And these may be the saddest words in The After Party. That Cece, as a wife and caring mother, thinks she is not enough, that she does not glow in the way Joan glows. It is the theme of the novel that rings most painfully true for every girl who became a woman with a friend who seemed better and brighter than she was herself and so, rather than shedding the bond after childhood (or even the teen years) continued carrying the chain. DiSclafani makes this work by using a time frame in which people did not move away or uproot from their childhood homes, but were more firmly affixed to those identities. Nowadays, a Joan friend might be someone remembered, but hardly likely to be someone still in touch.
In Rich and Pretty Sarah and Lauren are the kind of young women seen all over Manhattan—confident in their belief that they belong there, even if that confidence comes from very different sources. For Sarah it is the knowledge that her parents’ wealth shelters her from anything ever going wrong in her life while Lauren’s arises from her belief in her ability to make her own way. They’ve known each other since they were eleven, but twenty years later what was a BFF situation is starting to lose the ‘best’ and the ‘forever’ and even the ‘friends’ feels shaky.
Debut author Rumaan Alam fills Rich and Pretty with exactly what is needed to make the novel gel. He twists the stereotype of rich and pretty so that while Sarah is rich it is Lauren who is pretty. You can’t have both. Lauren has a real job as an editor at a cookbook publishing firm while Sarah sort-of-works as a consultant at an AIDS foundation and Mummy and Daddy pay all the bills. Her kind of rich has led her down a traditional path—she is getting married and as the plans progress, with Lauren as her maid of honor, the differences in their lifestyles become problematic to both. Lauren’s attitude towards the traditional begins to rub Sarah the wrong way and after a wild bachelorette weekend and Sarah’s vocal disapproval things get heated. For Lauren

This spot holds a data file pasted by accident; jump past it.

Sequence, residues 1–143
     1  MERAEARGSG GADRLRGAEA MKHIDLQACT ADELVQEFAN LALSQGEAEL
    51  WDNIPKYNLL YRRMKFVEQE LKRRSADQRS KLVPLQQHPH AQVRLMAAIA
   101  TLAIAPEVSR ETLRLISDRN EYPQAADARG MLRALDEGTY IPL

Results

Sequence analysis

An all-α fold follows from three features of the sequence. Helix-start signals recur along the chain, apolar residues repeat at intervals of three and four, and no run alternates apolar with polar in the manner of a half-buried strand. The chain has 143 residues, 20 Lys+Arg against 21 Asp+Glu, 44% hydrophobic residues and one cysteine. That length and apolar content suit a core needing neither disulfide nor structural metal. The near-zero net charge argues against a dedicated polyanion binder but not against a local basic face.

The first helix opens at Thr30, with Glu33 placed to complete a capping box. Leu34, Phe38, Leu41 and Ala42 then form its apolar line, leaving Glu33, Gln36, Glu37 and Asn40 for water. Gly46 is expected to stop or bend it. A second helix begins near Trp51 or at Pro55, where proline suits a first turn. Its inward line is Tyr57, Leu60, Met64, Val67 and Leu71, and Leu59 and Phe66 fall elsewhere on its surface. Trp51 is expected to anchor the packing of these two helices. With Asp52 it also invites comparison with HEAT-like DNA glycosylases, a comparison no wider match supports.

It’s about me being me, and not being you. This is what it’s about, Sarah. I am me, and you are you, and there was no difference there for, I don’t know, a decade? But now there is. And you get mad at me, for being me. And I get mad at you, for being you. Except you never actually get mad, you just get, morally superior. And smug.
I thought Rich and Pretty was good not great. Alam makes great use of the oversharing attitudes of the selfie generation in that not much is left unsaid about Lauren’s sex life, and yet, she mentions her discomfort at being hugged by Sarah’s father without any further explanation. Huh? So, while Alam easily recreates many of the dynamics between friends this and some of the other scenarios felt a bit off. This may be sexist on my part, in fact, it certainly will be to some, but I have to wonder if this is because he’s a man. Men can write as women and vice versa, but in the genre of chick-lit I prefer mine written by women.
Rich and Pretty didn’t quite work for me, but if you’d like another opinion on the novel from a blogger more in touch with Sarah and Lauren’s generational perspective go visit Eva at The Paperback Princess. Her review gave me a lot to think about.